Rabbi Shmuley Boteach was friends with Michael Jackson. He now believes his accusers.


A former close friend of Michael Jackson believes Wade Robson and James Safechuck’s allegations of abuse against the late pop star.

Rabbi Shmuley Boteach was close with Jackson for two years from 1999-2001, and he told A Current Affair he was left shocked by the claims made in Leaving Neverland.

In the film, Robson, 36, who was acquainted with Jackson during a dance competition aged five, and Safechuck, 42, who featured with the deceased singer in a Pepsi commercial, are interviewed about the abuse they claim happened to them as preteens in the 1980s and 90s.

Rabbi Shmuley Boteach on A Current Affair. Post continues below video.

Video by Channel 9

They claim the heinous crimes spanned several years, and not only were they sworn to secrecy, they were coerced by their attacker to testify on his behalf against allegations from other young victims.

In an interview with A Current Affair, Boteach described the documentary as “devastating”.

He said he became close to Jackson after the pair were introduced by a mutual friend, but after two years he cut the singer off as he didn’t feel like Jackson was listening to his advice.


“I wasn’t a fan, I was a friend,” Boteach told A Current Affair host Tracy Grimshaw.

“I wasn’t a hanger-on. I was a rabbi, and I felt that I had to leave, and that’s when I severed our relationship.”

Mamamia’s daily news podcast The Quicky takes you through the fall out and the facts of Leaving Neverland. Post continues below audio.

By 1992, Jackson had already faced accusations of child sexual abuse and had paid the family of accuser Jordan Chandler $23 million to end the case.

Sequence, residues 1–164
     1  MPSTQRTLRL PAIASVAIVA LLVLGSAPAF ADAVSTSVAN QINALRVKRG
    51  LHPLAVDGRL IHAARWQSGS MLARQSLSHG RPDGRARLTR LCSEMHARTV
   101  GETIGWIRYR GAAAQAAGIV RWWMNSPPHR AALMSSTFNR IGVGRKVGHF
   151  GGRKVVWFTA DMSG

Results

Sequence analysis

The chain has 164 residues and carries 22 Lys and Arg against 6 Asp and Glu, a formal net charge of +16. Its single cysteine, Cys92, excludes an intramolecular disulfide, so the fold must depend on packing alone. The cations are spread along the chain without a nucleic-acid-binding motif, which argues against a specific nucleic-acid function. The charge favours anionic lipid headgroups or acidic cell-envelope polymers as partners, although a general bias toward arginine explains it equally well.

Rabbi Boteach also met another accuser, Gavin Arvizo. Jackson was charged with molesting Arvizo but was found not guilty on all charges.

“It was hard for me to believe that anything had happened, because Gavin was also there with his family,” Rabbi Boteach said.

“By the time I met Michael, he wasn’t really around children at all. He wasn’t around anyone, to be perfectly honest.”

Michael Jackson and Rabbi Boteach in 2001.
Michael Jackson and Rabbi Boteach in 2001. Image: Getty.

Rabbi Boteach said that before viewing Leaving Neverland, he had seen Jackson as a "tragic" figure ruined by super-stardom, but he admitted there was one scene in another documentary - 2003's Living With Michael Jackson - that disturbed him.

In the scene, Jackson said "the most loving thing to do is share your bed with someone," as a young boy rests his head on the pop star's shoulder.

"You cannot share a bed with someone else's child. That is immoral, that is unacceptable, it's deplorable," Rabbi Boteach said of the scene.

"I remember watching it and feeling that I had been kicked in the stomach. I could not believe that he had done that and that he had said that and that he didn't understand that there was something wrong."


Of Robson and Safechuck's accusations, he says he doesn't believe they are lying.

"I don't believe these men are lying and I don't believe that the shame and guilt being experienced by their parents in general, maybe their mothers, in particular, is feigned."

He said that while Jackson was exonerated on charges in the past, Leaving Neverland is the first time we've heard such detailed allegations.

"We've never really seen the faces of the accusers as they make these allegations, and we've never really heard the family members who had to shoulder that pain."

Jackson's family have denied all allegations in Leaving Neverland.


Read more on this topic:

Without us noticing, it looks like Michael Jackson groomed us for decades.

The signs Michael Jackson was grooming the children he was close to that so many missed.

"It wasn't going to mean anything": Why Michael Jackson married Lisa Marie Presley.

'Blanket' Jackson was just seven when his father died. This week he stopped talking.

The two boys who followed Wade Robson into Michael Jackson's bed insist they weren't abused.

Debbie Rowe says she gifted Michael Jackson two children because he was a 'wonderful man'.